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Every evening during our exquisite dining experiences the management would come to our table to chat for 15 minutes and impart their knowledge of the mountains to prepare us for skiing the next day. As the owner’s son (fourth generation) did his rounds we noticed when he spoke to us he used his Oxford English and for an American family at the next table his US East Coast accent; very cute and quite genuine. Lars also spoke four or five other languages and is only 18.

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The skiing was scenically sublime. I adore skiing through forests. I hasten to add on pistes and not between indecently close pine trees off piste like my sons. At least they wear helmets. All the runs home at Grindelwald are swathed in pine forests. There are some 250 kms of marked trails and off piste opportunities; so only about half the terrain of the top French resorts. The runs are generally cruisey reds, not much to entertain the diehard blackanistas. The best that can be said of the lifts is that they are quaint, including the charming and scenic cog railway. We were told in high season there can be queues at the base lifts of up to 2.5 hours. Why would you bother? During our 40 cm powder day we reckoned there were only 200 people on the entire mountain. Oh the joys of being old and without school kids and skiing at the end of the season.

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And so to swiming and dancing in the snow. Having sworn last year to never ski again in poor visibility guess who went out in a snow storm. True to form on the first run I leaned back (scared) and skied like I didn’t know how to turn. Determined to lean forward and ski more aggressively on my next run I disappeared into a snow drift during my first turn, my legs did the splits, the skis came off (fortunately) and I ended up face down swallowing snow. Michael found it highly amusing but to me it felt like it must when caught in an avalanche: swimming in snow. However the next day we had blue skies, soft fresh snow and the pistes and restaurants to ourselves. We danced for joy!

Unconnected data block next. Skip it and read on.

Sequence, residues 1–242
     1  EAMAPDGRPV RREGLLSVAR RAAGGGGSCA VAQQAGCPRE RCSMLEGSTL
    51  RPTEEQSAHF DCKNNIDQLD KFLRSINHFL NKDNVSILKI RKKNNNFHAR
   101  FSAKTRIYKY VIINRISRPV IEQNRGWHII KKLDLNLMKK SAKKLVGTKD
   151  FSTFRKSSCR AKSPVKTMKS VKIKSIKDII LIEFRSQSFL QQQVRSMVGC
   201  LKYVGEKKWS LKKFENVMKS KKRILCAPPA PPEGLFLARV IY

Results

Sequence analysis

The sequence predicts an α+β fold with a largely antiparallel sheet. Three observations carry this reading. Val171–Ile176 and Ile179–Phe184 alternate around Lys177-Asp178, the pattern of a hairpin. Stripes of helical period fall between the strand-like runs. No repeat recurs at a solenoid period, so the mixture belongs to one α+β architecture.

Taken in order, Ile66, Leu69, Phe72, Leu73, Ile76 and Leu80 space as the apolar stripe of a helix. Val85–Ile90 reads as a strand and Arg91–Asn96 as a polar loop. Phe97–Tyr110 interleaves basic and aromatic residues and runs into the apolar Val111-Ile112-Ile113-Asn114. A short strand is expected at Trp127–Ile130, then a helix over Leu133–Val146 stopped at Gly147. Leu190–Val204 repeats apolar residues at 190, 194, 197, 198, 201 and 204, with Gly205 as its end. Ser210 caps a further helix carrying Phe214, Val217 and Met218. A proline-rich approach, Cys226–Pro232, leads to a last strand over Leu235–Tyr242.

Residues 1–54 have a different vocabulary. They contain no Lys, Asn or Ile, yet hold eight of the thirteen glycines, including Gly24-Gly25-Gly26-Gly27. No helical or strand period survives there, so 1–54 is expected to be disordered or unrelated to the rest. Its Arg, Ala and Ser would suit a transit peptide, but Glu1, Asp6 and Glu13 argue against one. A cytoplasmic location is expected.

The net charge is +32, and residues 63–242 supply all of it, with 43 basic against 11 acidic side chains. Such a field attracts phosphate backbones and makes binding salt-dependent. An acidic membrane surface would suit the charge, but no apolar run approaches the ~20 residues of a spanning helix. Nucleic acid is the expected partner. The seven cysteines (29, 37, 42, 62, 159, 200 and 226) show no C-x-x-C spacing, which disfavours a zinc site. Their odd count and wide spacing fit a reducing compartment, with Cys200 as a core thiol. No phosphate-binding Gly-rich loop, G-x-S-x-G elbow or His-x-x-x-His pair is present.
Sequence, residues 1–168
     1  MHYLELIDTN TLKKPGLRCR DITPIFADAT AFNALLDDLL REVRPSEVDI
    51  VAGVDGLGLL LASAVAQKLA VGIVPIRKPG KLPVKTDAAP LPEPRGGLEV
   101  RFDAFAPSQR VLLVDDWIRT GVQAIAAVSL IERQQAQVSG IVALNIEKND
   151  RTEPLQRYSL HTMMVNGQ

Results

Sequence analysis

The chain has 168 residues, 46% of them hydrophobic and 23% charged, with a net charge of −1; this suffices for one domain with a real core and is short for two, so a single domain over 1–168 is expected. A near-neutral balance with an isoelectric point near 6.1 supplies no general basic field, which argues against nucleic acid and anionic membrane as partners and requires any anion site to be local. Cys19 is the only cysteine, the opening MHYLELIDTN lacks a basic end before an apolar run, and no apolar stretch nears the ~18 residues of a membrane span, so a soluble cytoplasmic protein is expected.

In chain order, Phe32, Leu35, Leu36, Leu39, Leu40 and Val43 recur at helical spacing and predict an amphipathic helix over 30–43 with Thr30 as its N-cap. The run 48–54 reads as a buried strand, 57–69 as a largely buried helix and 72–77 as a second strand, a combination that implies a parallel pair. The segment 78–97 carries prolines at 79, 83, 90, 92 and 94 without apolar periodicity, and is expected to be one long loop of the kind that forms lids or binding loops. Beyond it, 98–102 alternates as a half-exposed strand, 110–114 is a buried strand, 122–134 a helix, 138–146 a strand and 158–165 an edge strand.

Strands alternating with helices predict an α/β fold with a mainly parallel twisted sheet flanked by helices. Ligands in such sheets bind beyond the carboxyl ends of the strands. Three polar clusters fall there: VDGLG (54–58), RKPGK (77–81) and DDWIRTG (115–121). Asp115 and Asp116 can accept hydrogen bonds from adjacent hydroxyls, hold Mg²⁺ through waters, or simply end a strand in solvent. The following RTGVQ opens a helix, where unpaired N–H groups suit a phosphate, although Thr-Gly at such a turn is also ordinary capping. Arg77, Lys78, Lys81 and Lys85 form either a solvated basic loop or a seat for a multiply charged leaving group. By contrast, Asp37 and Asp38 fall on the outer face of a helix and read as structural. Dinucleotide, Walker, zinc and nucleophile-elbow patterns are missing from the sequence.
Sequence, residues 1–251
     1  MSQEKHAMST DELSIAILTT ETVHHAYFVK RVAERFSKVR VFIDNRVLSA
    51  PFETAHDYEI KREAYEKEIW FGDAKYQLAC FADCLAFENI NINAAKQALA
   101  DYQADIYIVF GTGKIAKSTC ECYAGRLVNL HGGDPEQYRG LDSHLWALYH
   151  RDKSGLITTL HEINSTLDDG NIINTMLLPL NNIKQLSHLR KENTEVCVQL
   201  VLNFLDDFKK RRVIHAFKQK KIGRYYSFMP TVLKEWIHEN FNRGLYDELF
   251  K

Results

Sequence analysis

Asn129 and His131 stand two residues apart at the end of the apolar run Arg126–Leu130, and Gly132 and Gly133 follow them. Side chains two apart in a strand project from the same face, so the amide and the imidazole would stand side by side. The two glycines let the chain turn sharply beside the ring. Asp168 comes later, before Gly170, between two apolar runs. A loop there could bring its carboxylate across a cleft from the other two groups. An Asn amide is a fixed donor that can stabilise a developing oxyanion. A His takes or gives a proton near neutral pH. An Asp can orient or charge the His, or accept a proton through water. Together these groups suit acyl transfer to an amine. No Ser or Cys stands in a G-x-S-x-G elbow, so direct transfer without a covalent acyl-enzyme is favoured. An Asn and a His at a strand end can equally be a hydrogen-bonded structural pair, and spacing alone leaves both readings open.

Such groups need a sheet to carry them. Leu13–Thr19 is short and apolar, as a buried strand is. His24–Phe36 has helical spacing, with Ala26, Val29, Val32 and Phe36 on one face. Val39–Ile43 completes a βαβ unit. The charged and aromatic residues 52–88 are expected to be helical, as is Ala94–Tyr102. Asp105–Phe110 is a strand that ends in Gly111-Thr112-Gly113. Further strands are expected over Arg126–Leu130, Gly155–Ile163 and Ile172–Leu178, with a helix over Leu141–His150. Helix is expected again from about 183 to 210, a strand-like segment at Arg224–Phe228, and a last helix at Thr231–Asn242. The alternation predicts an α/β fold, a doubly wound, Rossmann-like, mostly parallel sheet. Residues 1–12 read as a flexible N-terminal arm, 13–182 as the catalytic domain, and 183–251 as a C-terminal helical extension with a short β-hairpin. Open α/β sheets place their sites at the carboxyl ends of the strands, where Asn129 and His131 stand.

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On my last descent I stopped, looked around and decided I would like Sharon to take me to Grindelwald just before I ski off to the next world.

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Photos by Stuart Elliott and Michael Cooke.

2 Responses to “Guest Blog: Swimming and Dancing Under The Eiger”

  1. Heather April 9, 2014 at 9:59 pm #

    Your are both living a dream and seem so happy – keep it up. Heather

  2. Charmaine Lawton April 15, 2014 at 3:06 am #

    Nice blog Stu. Lovely!